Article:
We signed up with a local tour agency that offers day trips to Ninh Binh. Our trip consisted of a 2.5-hour drive over very poor roads in a mini-van with four Malaysian women, a French family, a couple of Koreans, and another family of some unknown Asian origin. Along the way we stopped at Hoa Lu, which was the “national” capitol for forty years back in the 10th Century, and where nothing remains but a temple devoted to the king who founded said capitol. It was interesting enough, but, frankly, I’m starting to get temple/pagoda fatigue: once you’ve seen one, you’ve pretty much seen them all. (Still, I’ve included a few photos at the end of this post.)
The real heart of the trip was a boat ride up a river that flows amongst — and beneath — the towering karsts. The beneath part is what makes it interesting and gives the place it’s name: Tam Coc (or “three caves”, which more accurately should be “three tunnels”). The scenery was incredible, like something you’d see in a movie not real life.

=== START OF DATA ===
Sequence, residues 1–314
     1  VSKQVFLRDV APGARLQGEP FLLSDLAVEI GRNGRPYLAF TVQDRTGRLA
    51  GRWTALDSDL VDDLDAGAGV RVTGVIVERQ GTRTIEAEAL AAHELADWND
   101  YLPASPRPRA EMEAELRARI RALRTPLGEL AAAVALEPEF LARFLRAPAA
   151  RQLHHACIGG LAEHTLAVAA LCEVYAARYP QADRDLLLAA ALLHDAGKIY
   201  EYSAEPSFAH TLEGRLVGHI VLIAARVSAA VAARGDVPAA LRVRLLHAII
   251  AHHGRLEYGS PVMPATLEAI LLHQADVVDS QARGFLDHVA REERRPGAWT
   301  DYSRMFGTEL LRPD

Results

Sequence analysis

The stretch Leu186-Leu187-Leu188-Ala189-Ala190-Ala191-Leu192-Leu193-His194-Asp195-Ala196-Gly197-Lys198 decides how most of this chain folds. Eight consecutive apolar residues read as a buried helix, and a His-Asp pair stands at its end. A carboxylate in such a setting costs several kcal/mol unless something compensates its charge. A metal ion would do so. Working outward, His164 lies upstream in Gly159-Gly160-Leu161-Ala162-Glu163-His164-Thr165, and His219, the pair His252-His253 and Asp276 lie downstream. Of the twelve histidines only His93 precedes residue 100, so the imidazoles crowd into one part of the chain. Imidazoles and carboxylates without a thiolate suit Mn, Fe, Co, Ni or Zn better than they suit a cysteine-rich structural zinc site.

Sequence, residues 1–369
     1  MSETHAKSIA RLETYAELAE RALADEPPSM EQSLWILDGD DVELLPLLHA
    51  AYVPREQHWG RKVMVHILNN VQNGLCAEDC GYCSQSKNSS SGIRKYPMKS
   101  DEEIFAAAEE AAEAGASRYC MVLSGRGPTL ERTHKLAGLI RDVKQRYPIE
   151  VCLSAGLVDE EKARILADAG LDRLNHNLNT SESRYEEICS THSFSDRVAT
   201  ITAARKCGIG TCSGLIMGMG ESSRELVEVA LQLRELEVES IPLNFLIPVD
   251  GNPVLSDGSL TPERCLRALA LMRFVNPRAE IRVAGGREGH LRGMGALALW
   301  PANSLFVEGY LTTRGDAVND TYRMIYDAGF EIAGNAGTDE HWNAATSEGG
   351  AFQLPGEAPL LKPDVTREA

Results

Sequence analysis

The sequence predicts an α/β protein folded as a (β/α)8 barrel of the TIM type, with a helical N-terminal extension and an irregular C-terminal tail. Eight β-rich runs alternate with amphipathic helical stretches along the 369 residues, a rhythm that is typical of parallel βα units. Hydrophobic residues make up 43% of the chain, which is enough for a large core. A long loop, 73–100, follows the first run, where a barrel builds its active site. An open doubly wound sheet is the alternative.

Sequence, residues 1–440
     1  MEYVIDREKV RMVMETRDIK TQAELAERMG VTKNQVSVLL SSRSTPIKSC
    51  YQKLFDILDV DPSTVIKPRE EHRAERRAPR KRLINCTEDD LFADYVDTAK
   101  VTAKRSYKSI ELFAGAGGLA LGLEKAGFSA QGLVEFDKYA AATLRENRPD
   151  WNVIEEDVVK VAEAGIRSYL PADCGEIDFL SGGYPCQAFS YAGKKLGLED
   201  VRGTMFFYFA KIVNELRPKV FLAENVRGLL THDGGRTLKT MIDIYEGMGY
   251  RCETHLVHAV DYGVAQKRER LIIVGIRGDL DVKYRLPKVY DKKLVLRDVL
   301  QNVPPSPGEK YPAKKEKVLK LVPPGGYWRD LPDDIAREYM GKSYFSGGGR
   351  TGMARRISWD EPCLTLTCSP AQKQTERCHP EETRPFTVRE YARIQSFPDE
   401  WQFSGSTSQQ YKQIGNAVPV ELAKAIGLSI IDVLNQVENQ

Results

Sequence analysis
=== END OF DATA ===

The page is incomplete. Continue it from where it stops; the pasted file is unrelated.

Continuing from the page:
Here are a couple of videos taken during the boat ride. The first is a video of our passing through the first cave. The second is a video of the crazy foot-rowing by the boat people. (I would LOVE to see a foot-rowing race — I’m imagining those lizards that run on water…)
When we got back from the boat ride, our guide took Vanessa and I on a bikeride through karst-studded farmland. No one else in our group came with us — our guide said it was what she’d expected: the Americans and Europeans who come on her tours are usually up for anything, while the Asians never want to go biking (apparently they don’t like the heat and want to stay out of the sun to avoid tanning).
The scenery on the bike ride was just as beautiful as anything we saw on the boat trip, and it was so refreshing and tranquil to just roll along through the rice fields by ourselves.
And now for some shots of Hoa Lu: